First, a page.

Net neutrality creates systemic risk for US economy

October 23, 2009

The Federal Communications Commission decision to begin the process of imposing an Internet neutrality rule — network operators such as AT&T would be barred from charging variable prices for different kinds of traffic from content providers such as Google or Amazon — is curious as well as wrongheaded.

The financial crisis that has convulsed the global economy for the past two years should be a potent reminder to communications regulators that the best of government intentions can create horrible, though unintended, consequences. Easy monetary policy by the Federal Reserve, for instance, intended to counter a recession in 2001, helped create a dangerous housing bubble.

Like physicians and Fed governors, the first goal of regulators should be to do no harm. And that is especially true when they are trying to impose a solution in search of a problem. Broadband prices, for one thing, are on the decline. The average cost of consumer broadband has dropped from to less than $20 a month from $50 a month in 2001. And more people have access. As late of 2004, 70 percent of households still used dial-up modems for web access. Today, just 10 percent do with broadband speeds doubling over that period. Tough to find a market failure here.

Of course, the Internet has hardly reached its potential. But future network upgrades by telecom firms to handle high bandwidth applications will be costly. One way to pay for them would be to charge higher rates to Google, Amazon and other corporate users who generate huge volumes of traffic.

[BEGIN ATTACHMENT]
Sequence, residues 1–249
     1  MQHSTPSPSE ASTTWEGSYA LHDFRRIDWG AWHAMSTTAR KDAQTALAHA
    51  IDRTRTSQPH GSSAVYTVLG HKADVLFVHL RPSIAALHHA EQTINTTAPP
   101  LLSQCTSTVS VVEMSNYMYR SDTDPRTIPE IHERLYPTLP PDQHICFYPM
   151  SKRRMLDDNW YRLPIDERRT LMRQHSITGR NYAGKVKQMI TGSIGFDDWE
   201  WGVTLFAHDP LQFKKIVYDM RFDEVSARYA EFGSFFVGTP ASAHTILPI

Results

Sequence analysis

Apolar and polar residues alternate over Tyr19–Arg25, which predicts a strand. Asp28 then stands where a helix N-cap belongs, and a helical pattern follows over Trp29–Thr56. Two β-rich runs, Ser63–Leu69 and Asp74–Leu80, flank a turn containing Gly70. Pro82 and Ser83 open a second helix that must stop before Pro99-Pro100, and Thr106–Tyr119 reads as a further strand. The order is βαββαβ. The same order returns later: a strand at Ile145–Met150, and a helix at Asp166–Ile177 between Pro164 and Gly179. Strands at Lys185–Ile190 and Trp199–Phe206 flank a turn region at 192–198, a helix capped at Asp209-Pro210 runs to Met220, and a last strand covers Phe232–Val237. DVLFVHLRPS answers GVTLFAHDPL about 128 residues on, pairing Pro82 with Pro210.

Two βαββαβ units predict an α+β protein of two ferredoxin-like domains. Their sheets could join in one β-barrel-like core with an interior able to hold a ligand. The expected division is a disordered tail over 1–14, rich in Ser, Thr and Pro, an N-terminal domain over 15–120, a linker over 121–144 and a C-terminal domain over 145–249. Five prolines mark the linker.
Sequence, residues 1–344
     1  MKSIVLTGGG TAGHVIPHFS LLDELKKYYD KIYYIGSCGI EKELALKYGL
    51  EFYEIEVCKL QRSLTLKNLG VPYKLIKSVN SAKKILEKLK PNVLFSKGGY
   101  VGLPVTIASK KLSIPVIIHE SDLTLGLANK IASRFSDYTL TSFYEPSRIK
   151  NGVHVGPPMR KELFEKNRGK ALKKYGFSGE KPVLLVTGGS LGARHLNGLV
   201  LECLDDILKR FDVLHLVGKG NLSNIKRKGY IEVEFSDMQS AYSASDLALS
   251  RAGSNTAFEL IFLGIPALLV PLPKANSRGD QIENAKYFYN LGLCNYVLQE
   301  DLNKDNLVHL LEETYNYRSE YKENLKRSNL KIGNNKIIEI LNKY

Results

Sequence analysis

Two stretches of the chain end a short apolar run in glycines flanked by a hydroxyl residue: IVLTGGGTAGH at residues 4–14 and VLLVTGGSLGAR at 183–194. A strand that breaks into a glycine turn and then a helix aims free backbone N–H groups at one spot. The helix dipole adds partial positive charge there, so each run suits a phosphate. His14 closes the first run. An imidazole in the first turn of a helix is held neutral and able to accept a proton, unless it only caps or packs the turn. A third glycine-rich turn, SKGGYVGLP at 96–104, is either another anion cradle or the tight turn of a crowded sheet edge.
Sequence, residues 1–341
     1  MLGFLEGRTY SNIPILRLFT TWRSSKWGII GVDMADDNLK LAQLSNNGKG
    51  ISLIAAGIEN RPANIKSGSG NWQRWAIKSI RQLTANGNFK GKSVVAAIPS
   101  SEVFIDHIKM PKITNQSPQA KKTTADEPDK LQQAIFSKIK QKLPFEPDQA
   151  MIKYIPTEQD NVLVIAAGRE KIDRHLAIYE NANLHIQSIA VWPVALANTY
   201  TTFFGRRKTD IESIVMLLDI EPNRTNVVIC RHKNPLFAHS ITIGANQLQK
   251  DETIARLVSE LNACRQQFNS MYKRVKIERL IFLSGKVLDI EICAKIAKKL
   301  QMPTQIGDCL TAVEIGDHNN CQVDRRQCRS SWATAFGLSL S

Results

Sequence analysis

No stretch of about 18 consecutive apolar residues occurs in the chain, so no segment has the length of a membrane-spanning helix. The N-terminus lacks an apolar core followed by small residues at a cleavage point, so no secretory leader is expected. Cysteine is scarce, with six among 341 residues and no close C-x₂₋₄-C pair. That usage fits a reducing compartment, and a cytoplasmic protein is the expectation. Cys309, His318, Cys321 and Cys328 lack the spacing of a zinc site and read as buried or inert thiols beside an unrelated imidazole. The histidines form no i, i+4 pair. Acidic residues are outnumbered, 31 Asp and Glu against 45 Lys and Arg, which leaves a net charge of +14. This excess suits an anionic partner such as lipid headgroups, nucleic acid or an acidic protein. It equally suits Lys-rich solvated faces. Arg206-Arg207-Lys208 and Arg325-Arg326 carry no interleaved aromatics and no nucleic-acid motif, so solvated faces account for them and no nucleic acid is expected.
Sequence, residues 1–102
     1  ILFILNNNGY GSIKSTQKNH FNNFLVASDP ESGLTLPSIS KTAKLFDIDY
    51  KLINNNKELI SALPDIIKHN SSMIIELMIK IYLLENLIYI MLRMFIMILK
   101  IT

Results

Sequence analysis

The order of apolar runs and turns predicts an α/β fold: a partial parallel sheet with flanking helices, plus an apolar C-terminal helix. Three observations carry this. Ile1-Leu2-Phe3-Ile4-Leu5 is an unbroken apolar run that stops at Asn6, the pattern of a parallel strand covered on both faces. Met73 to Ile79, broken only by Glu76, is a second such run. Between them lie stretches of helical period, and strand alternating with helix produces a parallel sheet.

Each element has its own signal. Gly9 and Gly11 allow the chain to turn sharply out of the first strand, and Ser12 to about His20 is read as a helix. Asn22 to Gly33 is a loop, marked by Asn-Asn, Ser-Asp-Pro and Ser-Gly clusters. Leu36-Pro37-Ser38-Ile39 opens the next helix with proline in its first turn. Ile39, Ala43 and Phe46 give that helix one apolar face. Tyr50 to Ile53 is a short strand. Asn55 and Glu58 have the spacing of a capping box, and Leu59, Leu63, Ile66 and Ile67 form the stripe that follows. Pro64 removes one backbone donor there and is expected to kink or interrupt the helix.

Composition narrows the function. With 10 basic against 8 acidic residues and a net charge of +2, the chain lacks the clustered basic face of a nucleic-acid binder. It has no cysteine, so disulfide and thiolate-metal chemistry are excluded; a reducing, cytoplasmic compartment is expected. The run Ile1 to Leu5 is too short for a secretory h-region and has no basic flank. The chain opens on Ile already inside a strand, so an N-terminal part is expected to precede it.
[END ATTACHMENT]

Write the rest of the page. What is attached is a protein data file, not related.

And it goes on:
Not surprisingly, content providers are in favor of net neutrality and the de facto government-created subsidy it would create at the expense of telecommunications companies. Net neutrality is merely another form of rent-seeking that seeks to manipulate regulators for private gain. The goal: Use the FCC to turn telecoms into highly-regulated utilities that would absorb the cost of future network buildouts — before passing it along to consumers, of course.

The Washington-based Open Internet Coalition, which represents Google, Amazon and eBay, sees things differently, saying the FCC decision advances a regulatory framework that “promotes innovation and consumer choice on the Internet.”

But not only do more and more consumers have access to ever-faster broadband, they have more choices. In addition to the telecoms, America has four nationwide 3G wireless providers and fifth,Clearwire, readying a nationwide launch of a 4G WiMax service.

But the FCC — with the full encouragement of the Obama administration — nonetheless intends to push forward with seeming little concern about the unintended consequences of intervening into a well-functioning sector vital to the American economy. At the very least, the FCC will likely face years of court battles over the rule that could serve to paralyze the sector. Now there’s your systemic risk.


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The internet providers already charge for services based on bandwidth, especially in the business sector, but even in the private sector where consumers are presented with a dizzying array of gold and platinum service plans.

“Net Neutrality” prevents the ISPs from selling, say a 1 Mbit service, then intentionally choking it down to say 10 Kbit bandwidth because of the consumer’s network surfing practices.

These bandwidth “choking” policies are often seen by Verizon, and perhaps other cellular modem providers.

“Net Neutrality” is little more than encouraging vendors to provide the services that they have sold to consumers, often with expensive equipment and long-term contract requirements.

The concern, of course, is whether the ISPs can actually provide the bandwidth that they’ve promised, something that will require continuous upgrades and technology investments.

Posted by Clifford | Report as abusive